Stacy: [00:04:40] Barbra, thank you so much for joining me today. I’m really excited to have this conversation with you because as you well know, we met very early in my career back when I was at the University of Findlay. And I’m not kidding you. I still use what I learned from you. When I go into the show opened today, which that means a lot to me. Thank you, by the way, for giving me that gift.
Barbra: [00:05:02] Oh, you’re so welcome. Stacy were you’re one of my favorite people on the planet. Say that with all sincerity. So it is my huge honor to be with you and to be with your listeners. So thank you.
Stacy: [00:05:19] Well, I want to kind of dive right straight into the topic because I know that I could easily talk to you for hours and wander all over the place. But when I do the podcasts, I always sit down and try to have like a focus.
Stacy: [00:05:32] And so I have sent you over four different questions, because when I think about the gifts that you gave me back in college, it was this level of awareness that I had never been introduced to before about how much control we have over our emotions, which I’m starting to laugh because I’m remembering you offering us. We were in college. I don’t remember the amount of money, but you were like, pretend that I was going to give you X amount of money if you could fill in the blank, like cry right now or whatever on your and you’re it. It was like it still makes me laugh to this day because I remember us all sitting there because at first we’re like, yeah, no, we couldn’t do that. And then you threw out some kind of number that to a college student was like, whoa, wait a minute, maybe I could control my emotions for that amount of money. Yeah. So it would. But what you know, that was kind of that section of it to me felt a little bit like an ice breaker, but it really pulled me in and gave me I still to this day will touch my fingers together in the way that you showed it, because I taught myself to use that as what would you call that like?[00:06:47] I want to call it a trigger. But what do you call it when you.
Barbra: [00:06:50] Yes. It is a trigger, not the horse trainer. It’s the finger trigger.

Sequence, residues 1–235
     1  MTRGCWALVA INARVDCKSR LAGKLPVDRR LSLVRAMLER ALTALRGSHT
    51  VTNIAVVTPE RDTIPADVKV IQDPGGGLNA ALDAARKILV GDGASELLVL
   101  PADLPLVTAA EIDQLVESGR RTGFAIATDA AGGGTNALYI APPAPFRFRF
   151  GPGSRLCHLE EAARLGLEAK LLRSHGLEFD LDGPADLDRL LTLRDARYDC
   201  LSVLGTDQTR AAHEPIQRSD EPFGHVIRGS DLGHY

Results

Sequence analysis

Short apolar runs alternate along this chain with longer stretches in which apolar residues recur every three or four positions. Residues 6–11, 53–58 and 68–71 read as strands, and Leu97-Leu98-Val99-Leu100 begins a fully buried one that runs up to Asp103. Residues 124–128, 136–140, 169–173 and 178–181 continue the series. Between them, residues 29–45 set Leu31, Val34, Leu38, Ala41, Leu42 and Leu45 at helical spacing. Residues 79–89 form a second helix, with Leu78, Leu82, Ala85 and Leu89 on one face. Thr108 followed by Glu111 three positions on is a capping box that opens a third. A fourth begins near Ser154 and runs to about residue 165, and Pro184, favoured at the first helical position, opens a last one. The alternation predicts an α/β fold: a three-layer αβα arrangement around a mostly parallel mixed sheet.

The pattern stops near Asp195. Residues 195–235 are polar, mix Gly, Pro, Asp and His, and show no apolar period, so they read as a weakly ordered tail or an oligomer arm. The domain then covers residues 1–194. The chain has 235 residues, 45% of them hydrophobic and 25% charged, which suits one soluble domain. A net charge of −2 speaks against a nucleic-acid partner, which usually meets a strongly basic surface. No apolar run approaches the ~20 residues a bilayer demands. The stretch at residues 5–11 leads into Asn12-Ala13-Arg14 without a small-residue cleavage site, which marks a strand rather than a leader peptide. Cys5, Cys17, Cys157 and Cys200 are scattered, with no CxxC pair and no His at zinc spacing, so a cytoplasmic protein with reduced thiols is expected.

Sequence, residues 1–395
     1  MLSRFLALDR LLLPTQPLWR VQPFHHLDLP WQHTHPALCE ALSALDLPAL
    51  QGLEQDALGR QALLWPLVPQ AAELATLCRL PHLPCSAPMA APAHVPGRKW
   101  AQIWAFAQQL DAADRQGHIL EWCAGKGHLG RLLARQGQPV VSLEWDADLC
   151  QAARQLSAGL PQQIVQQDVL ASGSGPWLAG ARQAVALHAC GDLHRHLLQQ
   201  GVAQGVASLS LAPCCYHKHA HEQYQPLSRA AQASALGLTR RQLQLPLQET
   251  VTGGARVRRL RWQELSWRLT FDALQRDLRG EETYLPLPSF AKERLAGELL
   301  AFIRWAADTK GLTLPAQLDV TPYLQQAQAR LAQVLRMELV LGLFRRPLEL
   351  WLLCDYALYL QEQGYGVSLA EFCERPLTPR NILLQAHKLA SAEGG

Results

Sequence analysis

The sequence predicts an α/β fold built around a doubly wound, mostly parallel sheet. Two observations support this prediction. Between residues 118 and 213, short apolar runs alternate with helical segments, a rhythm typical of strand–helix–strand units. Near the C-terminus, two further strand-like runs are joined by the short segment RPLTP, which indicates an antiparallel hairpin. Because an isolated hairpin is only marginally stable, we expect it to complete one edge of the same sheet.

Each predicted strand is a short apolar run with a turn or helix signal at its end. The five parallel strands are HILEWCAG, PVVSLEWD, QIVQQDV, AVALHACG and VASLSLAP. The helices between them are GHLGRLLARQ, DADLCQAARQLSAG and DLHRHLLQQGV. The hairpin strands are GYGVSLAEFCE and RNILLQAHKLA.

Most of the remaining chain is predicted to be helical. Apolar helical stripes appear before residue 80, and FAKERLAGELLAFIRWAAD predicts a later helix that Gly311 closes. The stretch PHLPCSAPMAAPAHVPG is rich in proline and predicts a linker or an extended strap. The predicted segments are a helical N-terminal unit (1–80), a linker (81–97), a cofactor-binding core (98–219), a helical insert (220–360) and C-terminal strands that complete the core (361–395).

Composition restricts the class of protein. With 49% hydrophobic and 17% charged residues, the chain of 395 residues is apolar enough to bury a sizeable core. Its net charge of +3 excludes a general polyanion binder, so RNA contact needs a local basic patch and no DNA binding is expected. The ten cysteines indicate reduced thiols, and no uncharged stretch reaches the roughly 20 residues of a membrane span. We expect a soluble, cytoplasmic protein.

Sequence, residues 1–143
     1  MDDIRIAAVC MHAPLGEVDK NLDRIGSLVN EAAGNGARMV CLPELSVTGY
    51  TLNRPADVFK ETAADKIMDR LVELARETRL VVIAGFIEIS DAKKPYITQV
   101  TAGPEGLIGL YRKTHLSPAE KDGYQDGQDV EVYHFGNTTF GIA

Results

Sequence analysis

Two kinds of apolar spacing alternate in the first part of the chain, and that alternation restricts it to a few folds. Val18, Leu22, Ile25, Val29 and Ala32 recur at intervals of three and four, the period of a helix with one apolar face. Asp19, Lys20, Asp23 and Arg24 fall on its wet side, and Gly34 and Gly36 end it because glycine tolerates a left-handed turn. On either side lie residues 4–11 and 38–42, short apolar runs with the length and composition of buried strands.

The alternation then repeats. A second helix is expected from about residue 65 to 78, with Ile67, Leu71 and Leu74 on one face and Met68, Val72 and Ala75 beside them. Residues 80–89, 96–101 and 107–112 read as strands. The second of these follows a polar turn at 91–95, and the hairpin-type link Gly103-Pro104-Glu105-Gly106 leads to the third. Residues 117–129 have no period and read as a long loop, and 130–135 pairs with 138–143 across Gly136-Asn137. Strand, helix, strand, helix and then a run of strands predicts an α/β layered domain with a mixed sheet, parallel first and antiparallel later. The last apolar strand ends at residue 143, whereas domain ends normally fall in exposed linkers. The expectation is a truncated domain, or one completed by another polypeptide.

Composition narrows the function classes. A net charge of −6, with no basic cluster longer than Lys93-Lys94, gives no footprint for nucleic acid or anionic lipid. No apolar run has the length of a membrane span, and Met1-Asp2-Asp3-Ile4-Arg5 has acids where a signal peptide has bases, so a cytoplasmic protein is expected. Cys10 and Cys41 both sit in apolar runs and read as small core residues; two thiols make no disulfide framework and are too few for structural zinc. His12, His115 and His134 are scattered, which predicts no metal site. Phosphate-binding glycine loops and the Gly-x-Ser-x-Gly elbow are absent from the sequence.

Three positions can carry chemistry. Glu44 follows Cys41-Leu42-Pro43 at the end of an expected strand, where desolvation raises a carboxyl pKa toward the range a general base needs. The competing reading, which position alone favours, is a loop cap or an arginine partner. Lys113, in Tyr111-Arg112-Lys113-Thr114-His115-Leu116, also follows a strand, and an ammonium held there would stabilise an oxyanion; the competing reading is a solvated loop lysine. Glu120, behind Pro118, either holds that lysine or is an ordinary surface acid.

Stacy: [00:06:55] Yeah, it is. So anyway, for listeners, because I’m jumping right straight in. So basically my memory of it was that… So when I started out the podcast, I started by telling all the listeners that I tend to look at things. I kind of came up with this idea of this Foursquare model. So it’s like you take click the plus sign and you think about the four quadrants that are made by that. And so when I’m talking a lot of times I try to break it down into like the riders mind, the riders body, the horses mind, the horses body. So when I’m explaining things to people, it’s like, oh, well, it can affect multiple areas, but like, what’s the primary one? That’s that’s being a problem right now. So a lot of like the thing that we were just talking about, touching the fingertips together to me, what you gave me was one of my first glimpses into the riders mind and the idea that me being able to control my emotions and for me, particularly back then, I would get so sick, like physically ill feeling about the thought of going in and taking, like showing a horse. So in college, I had to do a lot of my tests were like little mini horse shows. And I would get so nervous that I think you also talked about the butterflies flying in like a formation or something like this, controlling. And so but when you that to me, the thing was like when you were talking about maybe I should let you explain it. Well, I think I’ll do that. But when you showed we had to make that connection into a physical trigger, it was a game changer for me. Could you explain to everybody listening what I’m rambling on about her?